‘Resenteeism’: what is it – and how can HR avoid it?

Latest workplace trend leads to lower productivity and engagement, with experts warning it could be ‘contagious’ if left unaddressed

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As workplaces were forced to reflect on their organisational cultures in the aftermath of the Great Resignation, they won’t be pleased to hear about the latest workplace trend – workers are increasingly reporting ‘resenteeism’ towards their job.

The phrase, first coined by RotaCloud, refers to employees actively disliking their job but staying in it anyway. It emerged in light of the cost of living crisis, with employees becoming less willing to sacrifice the security of their current role for the prospect of greater fulfilment in a new one.

However, unlike ‘presenteeism’, when employees attend work while ill, or ‘quiet quitting’, which refers to subtle disengagement from work, ‘resenteeism’ doesn’t mean employees will noticeably stop fulfilling their duties.

As this concerning workplace trend emerges, People Management spoke to experts about how employers can spot resenteeism, and what they can do to prevent it.

Where has resenteeism come from?

Chloe Angus, leadership coach and trainer, tells People Management: “Although there were a lot of people who changed jobs during the Great Resignation, there were also many who could not make the change [for] a number of reasons; cost of living and uncertainty being top of the list.”

She explains that resenteeism has been triggered in employees because of this inability to leave a role they are unhappy in – but that this isn’t the only cause of the trend. Other factors include general uncertainty and ongoing financial crises leading to greater job insecurity and an “increased interest in values-based living with more stress on work-life balance”, Angus says. 

“Employers also have an impact, with resenteeism being more likely in organisations that do not promote psychological safety, employee wellbeing and talent development,” she adds. 

What is its impact on the workplace and how can employers spot it?

Although businesses may not notice a reduction in performance, Anwen Bottois, founder of Purple Sky Consulting, says: “It might be more challenging to get energy, involvement and higher levels of engagement.

“There’s a risk when a few people feel anything that it can become contagious, and this trend is no different.”

Angus agrees, adding that resenteeism can not only “harm the individual and their performance”, but also team dynamics, company performance and brand and customer satisfaction.

“When resenteeism is present, employees are less engaged, communication and morale suffers and, with resentful team members not putting in as much effort, productivity falls and mistakes happen,” she says.

Although it may not be discernible through an obvious drop in productivity, Stephen Adams, founder and director of Inspirational Coaching, tells People Management that there are some signs of resenteeism that employers should keep an eye out for in their workplace.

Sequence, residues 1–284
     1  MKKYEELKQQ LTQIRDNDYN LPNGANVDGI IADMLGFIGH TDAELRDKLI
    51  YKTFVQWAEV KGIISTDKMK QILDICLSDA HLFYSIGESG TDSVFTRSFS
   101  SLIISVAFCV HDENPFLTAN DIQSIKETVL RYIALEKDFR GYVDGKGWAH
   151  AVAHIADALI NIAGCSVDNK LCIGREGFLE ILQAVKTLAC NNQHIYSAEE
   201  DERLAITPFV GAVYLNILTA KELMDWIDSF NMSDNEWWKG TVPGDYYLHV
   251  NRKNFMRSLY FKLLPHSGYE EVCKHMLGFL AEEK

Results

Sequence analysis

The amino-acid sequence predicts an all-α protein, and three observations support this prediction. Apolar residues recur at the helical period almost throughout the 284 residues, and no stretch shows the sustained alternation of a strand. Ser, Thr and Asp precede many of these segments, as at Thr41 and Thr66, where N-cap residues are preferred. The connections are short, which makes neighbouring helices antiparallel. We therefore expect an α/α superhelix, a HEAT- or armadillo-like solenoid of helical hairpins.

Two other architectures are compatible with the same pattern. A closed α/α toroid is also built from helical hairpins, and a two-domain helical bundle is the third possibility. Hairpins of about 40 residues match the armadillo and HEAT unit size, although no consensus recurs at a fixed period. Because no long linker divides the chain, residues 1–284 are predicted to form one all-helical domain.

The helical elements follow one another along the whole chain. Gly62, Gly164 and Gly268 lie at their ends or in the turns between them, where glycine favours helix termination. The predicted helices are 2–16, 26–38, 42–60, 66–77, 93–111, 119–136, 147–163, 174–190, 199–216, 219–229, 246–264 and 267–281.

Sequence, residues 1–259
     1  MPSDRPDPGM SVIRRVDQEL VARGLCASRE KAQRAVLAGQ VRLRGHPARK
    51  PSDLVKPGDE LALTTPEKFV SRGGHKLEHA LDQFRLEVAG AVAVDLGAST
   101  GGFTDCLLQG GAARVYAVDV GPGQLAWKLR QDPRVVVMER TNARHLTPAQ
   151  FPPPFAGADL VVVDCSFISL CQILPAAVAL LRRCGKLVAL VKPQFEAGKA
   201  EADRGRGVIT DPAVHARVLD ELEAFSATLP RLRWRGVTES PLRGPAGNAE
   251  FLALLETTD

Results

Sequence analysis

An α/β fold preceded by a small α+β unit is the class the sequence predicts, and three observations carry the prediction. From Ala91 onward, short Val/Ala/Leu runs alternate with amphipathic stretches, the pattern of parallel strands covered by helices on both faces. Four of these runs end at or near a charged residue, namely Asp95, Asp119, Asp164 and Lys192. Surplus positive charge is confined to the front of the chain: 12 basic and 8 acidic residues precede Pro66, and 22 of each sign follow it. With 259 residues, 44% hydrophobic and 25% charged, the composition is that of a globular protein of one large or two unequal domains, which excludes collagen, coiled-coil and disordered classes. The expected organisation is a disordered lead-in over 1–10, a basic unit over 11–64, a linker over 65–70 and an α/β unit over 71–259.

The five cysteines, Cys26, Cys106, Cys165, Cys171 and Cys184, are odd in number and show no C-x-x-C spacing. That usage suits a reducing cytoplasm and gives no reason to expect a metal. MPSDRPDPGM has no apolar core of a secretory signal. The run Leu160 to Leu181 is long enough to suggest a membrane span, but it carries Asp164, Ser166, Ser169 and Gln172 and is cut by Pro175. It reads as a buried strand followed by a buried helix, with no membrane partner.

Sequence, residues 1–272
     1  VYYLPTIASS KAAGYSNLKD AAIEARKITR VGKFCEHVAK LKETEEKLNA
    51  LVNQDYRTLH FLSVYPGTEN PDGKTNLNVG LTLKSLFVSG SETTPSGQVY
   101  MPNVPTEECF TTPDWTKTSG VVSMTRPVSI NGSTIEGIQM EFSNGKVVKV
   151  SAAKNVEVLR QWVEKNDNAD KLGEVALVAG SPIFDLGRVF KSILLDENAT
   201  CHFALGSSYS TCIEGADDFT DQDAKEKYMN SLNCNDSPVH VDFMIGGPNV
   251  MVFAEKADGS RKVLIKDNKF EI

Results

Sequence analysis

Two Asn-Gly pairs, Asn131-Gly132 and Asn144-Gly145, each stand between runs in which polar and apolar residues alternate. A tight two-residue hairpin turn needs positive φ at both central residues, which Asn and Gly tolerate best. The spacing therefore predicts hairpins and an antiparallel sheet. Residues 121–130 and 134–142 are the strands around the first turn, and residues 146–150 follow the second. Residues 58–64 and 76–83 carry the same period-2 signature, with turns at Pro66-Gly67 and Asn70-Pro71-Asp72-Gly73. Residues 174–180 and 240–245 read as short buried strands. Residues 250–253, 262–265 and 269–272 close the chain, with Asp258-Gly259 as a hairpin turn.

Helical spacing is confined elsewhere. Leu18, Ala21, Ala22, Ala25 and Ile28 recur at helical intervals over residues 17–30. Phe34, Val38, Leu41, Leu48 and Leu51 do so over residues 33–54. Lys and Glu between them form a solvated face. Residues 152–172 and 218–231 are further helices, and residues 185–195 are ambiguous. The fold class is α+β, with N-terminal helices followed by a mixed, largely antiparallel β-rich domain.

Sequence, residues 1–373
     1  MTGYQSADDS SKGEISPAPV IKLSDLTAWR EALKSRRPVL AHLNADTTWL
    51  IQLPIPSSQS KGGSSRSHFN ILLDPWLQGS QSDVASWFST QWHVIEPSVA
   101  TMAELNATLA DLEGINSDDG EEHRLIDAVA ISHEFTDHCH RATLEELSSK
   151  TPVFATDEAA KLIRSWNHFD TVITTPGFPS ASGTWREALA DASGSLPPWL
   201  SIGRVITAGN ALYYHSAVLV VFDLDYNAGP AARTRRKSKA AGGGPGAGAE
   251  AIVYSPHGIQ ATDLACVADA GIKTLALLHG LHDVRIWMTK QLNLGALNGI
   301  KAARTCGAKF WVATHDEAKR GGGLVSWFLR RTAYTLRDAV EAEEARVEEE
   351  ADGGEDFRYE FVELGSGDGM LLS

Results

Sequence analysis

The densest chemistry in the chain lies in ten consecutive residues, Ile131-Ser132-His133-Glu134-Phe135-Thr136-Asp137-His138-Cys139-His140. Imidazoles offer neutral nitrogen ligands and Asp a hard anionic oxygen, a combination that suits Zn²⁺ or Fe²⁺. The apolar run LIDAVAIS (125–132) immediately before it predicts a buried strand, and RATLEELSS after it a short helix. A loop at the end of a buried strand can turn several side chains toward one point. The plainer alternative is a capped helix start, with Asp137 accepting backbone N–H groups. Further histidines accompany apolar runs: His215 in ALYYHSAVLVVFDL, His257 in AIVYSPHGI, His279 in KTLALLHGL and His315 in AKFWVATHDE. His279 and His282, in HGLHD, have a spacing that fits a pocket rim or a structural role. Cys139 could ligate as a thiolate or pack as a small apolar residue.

“Comments here and there, trying to seek others to agree with how they are feeling (endorsement), withdrawing from meetings and disturbing the atmosphere for other peers” are all potential indicators that an employee is experiencing resenteeism, says Adams.

Angus adds: “It’s not always easy to see resenteeism in the workplace and it’s unlikely an employee would disclose this to their manager, if they are even aware of it themselves. 

“As a manager you may notice that a team member’s habits change – they show less enthusiasm, are reluctant to take on responsibilities, communicate less with colleagues, celebrate less and may have more absence.”

What can businesses do to prevent it?

“Often, our resentment is giving us information on something that is misaligned, whether our values clash with organisational values or we are being pushed into inefficient meetings, micromanaged or treated in ways that provoke resentment and we feel unable to say or do anything about it,” says Petra Velzeboer, CEO and founder of mental health consultancy PVL.

“Employers can help by asking genuine questions discussing how work is done, not just what employees are doing,” she suggests, adding that employees should have a voice and be allowed to internally move to a role that will lead to more of a sense of fulfilment.

Adams says employees experiencing resenteeism “need leaders to speak to them, ask how they are, seek to understand the employee’s concerns and provide a psychological safe space for healthy discussion”, adding that businesses should be aware that “what you permit you promote”. 

“Employers that ignore these behaviours are only creating an issue for themselves and the employee in the long run,” he adds.

Adams also says he has noticed in the past five years that organisations have moved away from regular reviews to half-yearly or even yearly check-ins. “More contact with your colleagues will pick up these issues earlier and [stop them getting] out of control,” he explains.

Bottois says employers should ensure “employees really enjoy their time in work and actually want to be there, even if circumstances mean they feel they have to be”.

She adds: “This looks like giving everyone in the team a purpose and a connection to the team plan and actively celebrating progress.”